Do you ask yourself, “How good is my OC?” This quiz rates your original character based on personality, backstory, and design.
How Good Is Your Original Character?
Your OC’s quality depends on design, motive, and plot. In other words, your character is as good as the look, personality, and story allow it to be.
|Good OC||Bad OC|
|Has relatable struggles.||Is flawless.|
|Subverts the expectations.||Is predictable.|
|Has clear motives.||Lacks motivation.|
|Develops through the story.||Remains the same.|
|Overcomes obstacles.||Gives up against obstacles.|
OC is an abbreviation for the original character, a fictional personality created by a writer, artist, or fan.
Suggested quiz: How would fandom see you as a fictional character?
What to Consider When Rating Your OC?
Character design aside, there are four factors that determine how good an OC is: desire, need, weakness, and enemy.
An external motivation, “desire,” is what the character craves. But it’s not necessarily what they need to become a better person or overcome obstacles.
An internal motive, or need is what the character requires to develop and overcome the struggle(s).
Having no needs makes an OC flawless. And a flawless OC doesn’t develop.
A perfect OC is like a glass wall—there’s no way to climb and explore what’s beyond it. Weakness is what makes a character relatable while magnifying its struggles.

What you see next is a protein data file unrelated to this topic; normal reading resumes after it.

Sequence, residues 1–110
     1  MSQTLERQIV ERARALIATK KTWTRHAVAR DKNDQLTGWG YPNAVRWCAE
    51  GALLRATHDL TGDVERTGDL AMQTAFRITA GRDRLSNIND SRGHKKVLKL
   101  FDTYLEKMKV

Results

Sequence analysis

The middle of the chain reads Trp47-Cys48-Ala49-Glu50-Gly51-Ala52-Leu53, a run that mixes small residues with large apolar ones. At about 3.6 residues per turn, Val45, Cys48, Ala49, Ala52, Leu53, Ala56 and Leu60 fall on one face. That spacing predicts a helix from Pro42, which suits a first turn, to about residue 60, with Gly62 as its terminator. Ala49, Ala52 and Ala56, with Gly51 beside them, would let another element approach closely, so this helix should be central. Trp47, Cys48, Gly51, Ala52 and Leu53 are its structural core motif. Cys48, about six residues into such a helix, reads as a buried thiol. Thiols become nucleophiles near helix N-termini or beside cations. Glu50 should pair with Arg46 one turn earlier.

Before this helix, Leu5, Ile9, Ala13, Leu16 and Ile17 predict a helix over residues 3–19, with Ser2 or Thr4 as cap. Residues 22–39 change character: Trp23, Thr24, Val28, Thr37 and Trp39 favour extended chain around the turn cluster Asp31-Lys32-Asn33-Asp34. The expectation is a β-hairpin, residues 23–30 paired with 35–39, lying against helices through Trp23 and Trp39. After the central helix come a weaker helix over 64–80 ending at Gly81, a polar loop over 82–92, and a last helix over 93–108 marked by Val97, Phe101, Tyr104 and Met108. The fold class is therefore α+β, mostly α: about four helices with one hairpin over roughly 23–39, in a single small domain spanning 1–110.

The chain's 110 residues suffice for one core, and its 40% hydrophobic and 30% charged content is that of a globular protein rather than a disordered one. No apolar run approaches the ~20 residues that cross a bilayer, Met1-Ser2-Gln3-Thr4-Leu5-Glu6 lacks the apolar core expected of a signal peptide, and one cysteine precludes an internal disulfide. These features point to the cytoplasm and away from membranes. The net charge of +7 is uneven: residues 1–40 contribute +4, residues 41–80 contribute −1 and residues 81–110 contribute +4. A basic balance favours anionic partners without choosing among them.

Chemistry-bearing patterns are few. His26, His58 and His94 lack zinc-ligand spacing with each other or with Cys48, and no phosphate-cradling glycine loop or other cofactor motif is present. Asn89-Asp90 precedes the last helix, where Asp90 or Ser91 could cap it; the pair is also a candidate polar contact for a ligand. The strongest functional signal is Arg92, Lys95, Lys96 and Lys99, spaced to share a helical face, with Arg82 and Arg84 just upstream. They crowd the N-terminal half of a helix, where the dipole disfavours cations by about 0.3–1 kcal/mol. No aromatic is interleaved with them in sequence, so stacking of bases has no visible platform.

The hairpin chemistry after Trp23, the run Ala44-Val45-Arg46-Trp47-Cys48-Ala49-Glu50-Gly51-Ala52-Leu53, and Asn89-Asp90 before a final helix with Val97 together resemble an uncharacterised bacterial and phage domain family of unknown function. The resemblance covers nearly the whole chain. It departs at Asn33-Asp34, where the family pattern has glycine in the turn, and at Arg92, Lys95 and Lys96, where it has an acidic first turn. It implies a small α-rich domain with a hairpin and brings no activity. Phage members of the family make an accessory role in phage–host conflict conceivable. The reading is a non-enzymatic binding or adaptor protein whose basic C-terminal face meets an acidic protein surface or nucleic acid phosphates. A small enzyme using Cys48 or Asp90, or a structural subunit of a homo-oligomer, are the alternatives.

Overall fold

Your OC is as good as its enemy—the villain, ideology, or concept that it opposes. An enemy or antagonist is often the primary motive for the protagonist to go on a journey and develop into a better person.
What is the OC Quiz?
The original character quiz, otherwise known as the OC Quiz, is a set of 20 questions to rate your characters. It analyzes the design, personality, and story to determine how good your creation is.
Things that the OC Quiz reveals:
Is your character likable?
With the current test, you get to know whether the audience would enjoy your character.
Exposing the likability of your character is the quiz’s priority because most amateur OCs suffer from unlikability.
Character designers might make their designs so “original” that no reader/viewer can relate to them.
What would make it better?
You’re asking yourself, “How good is my OC?” But there are better questions to ask. For example, how can I better my OC? The quiz suggests some expert tips on that after analyzing your character.
What does your OC say about you?
Your creations carry pieces of you. That is why the OC Quiz offers a brief (but profound) personality breakdown. It reveals what type of person you are based on the character you’ve written or drawn.
What Is Your OC’s Rate on a Scale of 0 to 100?
The original character test grades your creations on a scale of zero to one hundred. The higher the score, the better the OC.
This is the only tool that would professionally rate fan-made characters.
All you need to do is respond to the following 20 questions. The results are instant, requiring no registration.
QuizExpo does not own the images in the OC Quiz and does not intend a copyright infringement.
How to Play?
Playing personality quizzes is straightforward: Choose the option that’s true about you—or you relate to—and select “Next.” Unlike trivia quizzes, personality tests have no right or wrong answers. But the questions are in forced-choice format. The point is to push you to choose an option that makes the most sense, not the one that’s 100% true. For the most accurate results, don’t overthink your responses. Go with options that you “feel” are the best.
Questions of the quiz
- Question 1